Sep 19, 2012 · 3 minutes

Before there was social, there was serendipity.

In the early days of the web, it seemed logical to rely on algorithms for discovering new content. After all, who needs people when we’ve got these fancy new computers, right? One of the earliest and best examples of these machine-driven discovery tools was StumbleUpon, a platform that scoured the web for content tailored to an individual’s tastes.

But today, of course, we usually don’t hear about the latest viral video from a machine, we hear about it from family, friends, or some other human aggregator. And more and more, these acts of discovery take place on mobile devices.

So where does the old guard fit in? Well, just as Facebook is working to make social networks operate more like a search engine, StumbleUpon has been working to making its discovery engine more social and mobile-friendly. And today, the 10-year old company is making its biggest leap yet into the unfettered web with impressive new iPhone and iPad apps.

Among the new design features is an interface that lets users slide from one Stumble to the next (not unlike Flipboard) and an attractive color-coded scheme for identifying a user’s interests. The app also shows a quick snapshot of each new Stumble before fully loading the page, a helpful feature for users who want lightning-fast serendipity, and for those of us who have limited data plans or are stuck in bad service areas where every pageload counts.

But snazzy features aside, the app represents a big shift in how StumbleUpon plans to reach its users. “This app is a starting point for a few real key areas of focus that we're bringing to StumbleUpon's products,” said Cody Simms, who last June left Yahoo! after seven years to become StumbleUpon’s Product VP. StumbleUpon’s mobile activity grew 800% last year, and while only 25% of its stumbles occur on mobile devices, it’s their fastest-growing distribution channel, Simms said.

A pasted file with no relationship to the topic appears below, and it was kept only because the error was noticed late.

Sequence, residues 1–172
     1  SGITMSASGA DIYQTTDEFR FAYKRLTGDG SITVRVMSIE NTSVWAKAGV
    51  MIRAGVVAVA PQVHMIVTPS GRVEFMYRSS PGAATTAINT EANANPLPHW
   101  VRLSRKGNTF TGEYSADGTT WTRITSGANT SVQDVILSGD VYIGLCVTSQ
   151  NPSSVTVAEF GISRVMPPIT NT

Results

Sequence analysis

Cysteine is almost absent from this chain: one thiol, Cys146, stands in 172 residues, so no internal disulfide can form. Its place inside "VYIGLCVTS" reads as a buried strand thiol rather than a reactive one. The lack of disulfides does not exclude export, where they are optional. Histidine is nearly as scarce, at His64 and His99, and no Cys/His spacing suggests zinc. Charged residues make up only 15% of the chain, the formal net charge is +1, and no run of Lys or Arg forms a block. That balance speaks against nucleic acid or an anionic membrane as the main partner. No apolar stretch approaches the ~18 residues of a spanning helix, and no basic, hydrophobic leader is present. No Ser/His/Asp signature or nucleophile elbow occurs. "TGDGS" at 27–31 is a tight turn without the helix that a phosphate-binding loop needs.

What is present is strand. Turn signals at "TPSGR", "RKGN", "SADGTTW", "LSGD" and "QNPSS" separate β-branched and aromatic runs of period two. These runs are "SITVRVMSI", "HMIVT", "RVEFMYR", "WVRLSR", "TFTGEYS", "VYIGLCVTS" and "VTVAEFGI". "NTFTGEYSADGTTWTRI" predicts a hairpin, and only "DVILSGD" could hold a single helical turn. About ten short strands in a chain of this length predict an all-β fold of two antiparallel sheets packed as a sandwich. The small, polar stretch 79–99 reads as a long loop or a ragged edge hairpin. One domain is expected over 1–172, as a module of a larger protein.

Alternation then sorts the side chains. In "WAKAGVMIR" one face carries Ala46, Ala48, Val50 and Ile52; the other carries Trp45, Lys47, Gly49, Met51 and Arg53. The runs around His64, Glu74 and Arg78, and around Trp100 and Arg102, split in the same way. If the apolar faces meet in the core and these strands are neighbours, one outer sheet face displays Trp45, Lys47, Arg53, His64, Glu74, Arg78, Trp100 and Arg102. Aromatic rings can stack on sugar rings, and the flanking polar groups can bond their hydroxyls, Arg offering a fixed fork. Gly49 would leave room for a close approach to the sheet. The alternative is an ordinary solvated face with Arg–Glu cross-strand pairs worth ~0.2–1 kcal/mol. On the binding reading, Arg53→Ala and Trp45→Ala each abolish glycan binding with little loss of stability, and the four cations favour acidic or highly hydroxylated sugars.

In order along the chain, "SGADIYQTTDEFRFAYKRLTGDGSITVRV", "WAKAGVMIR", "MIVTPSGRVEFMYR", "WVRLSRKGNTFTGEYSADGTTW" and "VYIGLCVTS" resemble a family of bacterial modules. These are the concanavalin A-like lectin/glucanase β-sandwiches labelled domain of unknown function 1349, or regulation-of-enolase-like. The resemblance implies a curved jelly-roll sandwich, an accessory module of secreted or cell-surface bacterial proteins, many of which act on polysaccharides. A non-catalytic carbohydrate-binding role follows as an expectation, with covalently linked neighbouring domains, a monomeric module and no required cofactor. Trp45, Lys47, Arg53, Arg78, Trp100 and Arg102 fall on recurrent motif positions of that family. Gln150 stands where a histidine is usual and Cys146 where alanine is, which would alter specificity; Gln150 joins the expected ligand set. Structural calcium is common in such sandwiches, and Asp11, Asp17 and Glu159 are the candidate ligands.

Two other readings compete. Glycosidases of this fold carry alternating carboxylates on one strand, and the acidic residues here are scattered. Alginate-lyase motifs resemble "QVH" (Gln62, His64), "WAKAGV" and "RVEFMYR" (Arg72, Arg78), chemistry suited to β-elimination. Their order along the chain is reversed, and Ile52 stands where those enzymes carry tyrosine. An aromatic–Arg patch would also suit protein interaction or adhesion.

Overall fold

The new app will also be used as an opportunity to expand StumbleUpon’s social arsenal. “Traditionally, we've been really great and finding stuff in your interests,” Simms said. “Now we allow you to see trending content and content from people you know, as well as experts in a particular topic.” While StumbleUpon has done trending and friend-based content before, these "experts" will represent a brand new class of users. Simms says experts are chosen not for their celebrity or cultural cachet (save that for Twitter), but because the data StumbleUpon collects tells them that these super-users are exceptionally good at finding content people love.

But perhaps the greatest potential for StumbleUpon going forward lies in capturing location data. Although this version of the app is not location-based, Simms says future versions will recommend content tailored not only to a user’s individual tastes, but also to their location. This functionality, coupled with StumbleUpon’s Paid Discovery ad platform, which seamlessly integrates sponsored content into a user’s Stumble sessions, could give the company an edge in the ongoing war to monetize mobile.

While StumbleUpon’s 25 million user base is nothing to scoff at, the discovery engine is still far behind the Facebooks and Twitters of the world. For that reason, it won’t be easy for StumbleUpon to become the Internet’s curator of choice, but then again it may not have to. Like the horseshoe crab, StumbleUpon has quietly survived through ten years of shifting trends (which, in Internet years, might as well be 450 million years). And its ability to adapt to whatever comes its way, makes it a likely candidate to survive ten more.